Losing a tooth can be distressing and impact oral health and overall well-being. While tooth loss is commonly associated with aging, it’s not a normal part of getting older.
Tooth loss can occur at any age due to various factors. So what could cause a tooth to fall out? Here we explore the common causes of tooth loss and provide insights into preventive measures and treatment options.
Poor Oral Hygiene
Poor oral hygiene is one of the most significant contributors to tooth loss . Inadequate brushing, flossing, and regular dental check-ups can lead to the accumulation of plaque and tartar. Over time, this can cause gum disease and tooth decay, two of the biggest factors for tooth loss. Both conditions are preventable with proper oral hygiene at home and regular dental visits!
Gum Disease (Periodontal Disease)
Gum disease, or periodontal disease, is a common cause of tooth loss . It occurs when bacteria in the mouth infect and inflame the gums. If left untreated, gum disease can lead to the destruction of the gum tissues, periodontal ligaments, and bone supporting the teeth. Eventually, the teeth may become loose and fall out or require extraction because of the condition.
Untreated tooth decay, or cavities, can lead to tooth loss. When decay progresses, it can encompass a large area of the tooth, limiting your restoration options and potentially leading to a tooth extraction.
In addition, advanced decay can reach the tooth’s innermost layer, called the pulp, and cause an infection. The infection can spread to the surrounding tissues, causing a dental abscess, which can also require a tooth extraction .
Trauma or Injury
Accidents, falls, or sports injuries that involve a blow to the mouth can cause tooth loss. The impact can fracture or dislodge teeth or cause damage to the supporting structures. In such cases, prompt dental treatment is necessary to try and save the tooth. However, tooth extraction may be required in some instances, whether immediately after the trauma or in the weeks or months following.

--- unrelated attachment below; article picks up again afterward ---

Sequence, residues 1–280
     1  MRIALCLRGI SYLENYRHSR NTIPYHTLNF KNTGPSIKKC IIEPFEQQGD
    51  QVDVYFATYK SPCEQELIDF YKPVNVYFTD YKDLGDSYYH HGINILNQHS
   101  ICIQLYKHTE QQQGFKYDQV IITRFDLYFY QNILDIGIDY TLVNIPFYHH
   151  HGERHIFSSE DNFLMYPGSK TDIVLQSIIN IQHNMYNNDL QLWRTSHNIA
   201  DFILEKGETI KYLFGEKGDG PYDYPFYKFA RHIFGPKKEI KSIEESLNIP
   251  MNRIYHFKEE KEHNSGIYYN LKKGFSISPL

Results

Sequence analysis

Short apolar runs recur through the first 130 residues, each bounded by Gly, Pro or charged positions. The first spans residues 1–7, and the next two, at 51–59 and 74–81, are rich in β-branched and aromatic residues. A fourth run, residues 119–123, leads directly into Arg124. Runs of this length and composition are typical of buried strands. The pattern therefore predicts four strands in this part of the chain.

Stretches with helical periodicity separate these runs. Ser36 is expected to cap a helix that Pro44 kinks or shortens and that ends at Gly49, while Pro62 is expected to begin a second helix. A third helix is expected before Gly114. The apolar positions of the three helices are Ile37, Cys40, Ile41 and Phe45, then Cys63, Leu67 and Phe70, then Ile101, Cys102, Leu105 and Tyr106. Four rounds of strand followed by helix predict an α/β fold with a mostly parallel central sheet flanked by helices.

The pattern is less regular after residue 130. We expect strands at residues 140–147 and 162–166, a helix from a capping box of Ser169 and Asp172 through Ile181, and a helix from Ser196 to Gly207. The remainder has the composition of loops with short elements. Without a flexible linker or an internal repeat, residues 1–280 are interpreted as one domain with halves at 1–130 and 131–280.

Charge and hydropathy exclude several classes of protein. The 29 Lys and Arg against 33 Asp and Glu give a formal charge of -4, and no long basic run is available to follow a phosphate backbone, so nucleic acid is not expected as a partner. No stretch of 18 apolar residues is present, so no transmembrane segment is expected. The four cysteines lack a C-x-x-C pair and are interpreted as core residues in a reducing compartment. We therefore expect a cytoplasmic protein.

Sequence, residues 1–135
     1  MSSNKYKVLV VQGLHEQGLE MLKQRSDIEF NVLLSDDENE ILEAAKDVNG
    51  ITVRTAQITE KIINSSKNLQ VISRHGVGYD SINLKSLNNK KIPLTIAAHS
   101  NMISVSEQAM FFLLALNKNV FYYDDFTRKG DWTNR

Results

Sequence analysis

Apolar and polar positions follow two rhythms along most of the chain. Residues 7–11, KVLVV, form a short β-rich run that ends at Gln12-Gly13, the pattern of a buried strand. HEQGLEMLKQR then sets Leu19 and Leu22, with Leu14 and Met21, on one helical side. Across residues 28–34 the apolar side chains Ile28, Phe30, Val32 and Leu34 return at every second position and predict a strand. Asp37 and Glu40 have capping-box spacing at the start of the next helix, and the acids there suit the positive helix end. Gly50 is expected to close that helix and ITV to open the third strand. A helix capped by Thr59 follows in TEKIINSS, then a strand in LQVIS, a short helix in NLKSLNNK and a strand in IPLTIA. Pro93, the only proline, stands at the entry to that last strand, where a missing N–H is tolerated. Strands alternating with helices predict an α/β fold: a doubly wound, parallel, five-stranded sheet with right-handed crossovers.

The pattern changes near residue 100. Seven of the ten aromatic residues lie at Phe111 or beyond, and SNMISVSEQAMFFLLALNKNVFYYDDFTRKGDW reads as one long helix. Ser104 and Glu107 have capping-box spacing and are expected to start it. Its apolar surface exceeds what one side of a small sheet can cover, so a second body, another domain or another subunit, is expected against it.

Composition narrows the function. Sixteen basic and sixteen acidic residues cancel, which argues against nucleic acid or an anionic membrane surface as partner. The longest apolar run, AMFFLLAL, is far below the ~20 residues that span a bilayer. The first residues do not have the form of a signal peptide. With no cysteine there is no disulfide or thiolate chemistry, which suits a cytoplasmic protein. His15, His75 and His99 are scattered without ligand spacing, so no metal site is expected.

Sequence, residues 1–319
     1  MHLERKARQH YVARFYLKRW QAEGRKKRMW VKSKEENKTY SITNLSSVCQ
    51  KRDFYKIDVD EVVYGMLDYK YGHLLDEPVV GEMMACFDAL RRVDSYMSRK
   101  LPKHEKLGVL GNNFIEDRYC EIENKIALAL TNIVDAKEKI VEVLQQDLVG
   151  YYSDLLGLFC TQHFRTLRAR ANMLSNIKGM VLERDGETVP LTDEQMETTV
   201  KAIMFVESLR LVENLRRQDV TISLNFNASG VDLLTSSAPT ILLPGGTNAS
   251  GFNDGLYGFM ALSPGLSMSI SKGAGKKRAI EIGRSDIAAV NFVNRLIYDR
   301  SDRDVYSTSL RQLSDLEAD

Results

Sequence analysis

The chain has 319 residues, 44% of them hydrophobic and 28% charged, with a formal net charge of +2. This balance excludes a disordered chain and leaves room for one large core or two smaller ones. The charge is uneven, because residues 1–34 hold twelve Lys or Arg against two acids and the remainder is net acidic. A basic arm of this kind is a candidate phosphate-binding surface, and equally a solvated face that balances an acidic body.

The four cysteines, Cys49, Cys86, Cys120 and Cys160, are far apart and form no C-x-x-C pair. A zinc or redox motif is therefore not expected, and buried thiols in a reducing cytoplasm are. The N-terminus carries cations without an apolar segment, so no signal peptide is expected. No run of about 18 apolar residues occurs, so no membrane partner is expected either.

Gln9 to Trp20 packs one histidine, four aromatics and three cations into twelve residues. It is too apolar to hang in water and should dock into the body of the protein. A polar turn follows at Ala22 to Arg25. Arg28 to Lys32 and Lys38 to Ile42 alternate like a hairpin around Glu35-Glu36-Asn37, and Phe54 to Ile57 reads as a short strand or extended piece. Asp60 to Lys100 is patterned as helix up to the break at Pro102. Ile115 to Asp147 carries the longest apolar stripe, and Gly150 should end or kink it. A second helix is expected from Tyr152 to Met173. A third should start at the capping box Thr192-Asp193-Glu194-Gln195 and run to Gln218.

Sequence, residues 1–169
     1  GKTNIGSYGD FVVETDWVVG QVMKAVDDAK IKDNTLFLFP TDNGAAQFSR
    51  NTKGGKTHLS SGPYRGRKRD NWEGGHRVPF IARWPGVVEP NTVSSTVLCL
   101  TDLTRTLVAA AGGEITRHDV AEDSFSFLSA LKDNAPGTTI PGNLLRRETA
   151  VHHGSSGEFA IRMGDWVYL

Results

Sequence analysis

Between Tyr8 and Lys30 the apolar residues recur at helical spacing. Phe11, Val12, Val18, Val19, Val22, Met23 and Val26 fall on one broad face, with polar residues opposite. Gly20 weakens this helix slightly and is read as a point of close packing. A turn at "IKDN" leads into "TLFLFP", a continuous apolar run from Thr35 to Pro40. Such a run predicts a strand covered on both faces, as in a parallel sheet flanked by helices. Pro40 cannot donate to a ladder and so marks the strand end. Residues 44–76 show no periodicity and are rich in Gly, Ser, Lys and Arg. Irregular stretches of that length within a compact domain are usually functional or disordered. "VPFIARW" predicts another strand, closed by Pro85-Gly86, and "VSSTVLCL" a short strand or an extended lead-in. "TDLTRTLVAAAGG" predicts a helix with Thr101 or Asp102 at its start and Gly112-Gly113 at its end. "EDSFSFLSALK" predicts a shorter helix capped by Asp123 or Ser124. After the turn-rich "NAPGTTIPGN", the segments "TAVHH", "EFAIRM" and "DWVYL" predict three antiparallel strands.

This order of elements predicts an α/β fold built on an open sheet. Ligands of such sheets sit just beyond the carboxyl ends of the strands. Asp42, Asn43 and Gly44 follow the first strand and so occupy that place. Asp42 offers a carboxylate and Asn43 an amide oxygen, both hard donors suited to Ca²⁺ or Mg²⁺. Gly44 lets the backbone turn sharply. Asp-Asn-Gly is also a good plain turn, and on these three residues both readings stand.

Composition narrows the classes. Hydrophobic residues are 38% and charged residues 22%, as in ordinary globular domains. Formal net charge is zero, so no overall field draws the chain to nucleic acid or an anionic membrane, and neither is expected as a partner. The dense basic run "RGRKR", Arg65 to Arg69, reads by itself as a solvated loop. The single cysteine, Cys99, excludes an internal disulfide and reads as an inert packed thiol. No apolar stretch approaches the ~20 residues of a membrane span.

Bruxism (Teeth Grinding)
Chronic teeth grinding or clenching, known as bruxism, can put excessive force on the teeth, leading to cracks or fractures that can cause tooth decay or an infection over time. It can also cause gum inflammation and damage to periodontal ligaments that support teeth, which can result in loose teeth.
Bruxism often occurs during sleep, making many people unaware of the habit. Wearing a nightguard or seeking treatment to manage bruxism can help prevent tooth damage and tooth loss caused by grinding.
Certain systemic conditions, such as diabetes, osteoporosis, and immune disorders, can increase the risk of tooth loss. These conditions can affect oral health by compromising the immune system, weakening bone density, or predisposing people to oral health conditions such as gum disease.
For example, people with diabetes are at higher risk for tooth loss due to gum disease. About 25% of adults over the age of 50 living with diabetes have severe tooth loss . If you have systemic health concerns, taking care of your smile is extra important!
Tooth Loss Is Not Normal
Remember that tooth loss is not a normal part of aging. Your teeth are meant to last you for life, so take good care of your teeth by eating healthy, brushing twice a day, flossing once a day, and visiting your dentist. And if you have systemic health conditions or existing oral health concerns such as bruxism or gum disease, be sure to address these with your dentist and physician for a healthy body and smile!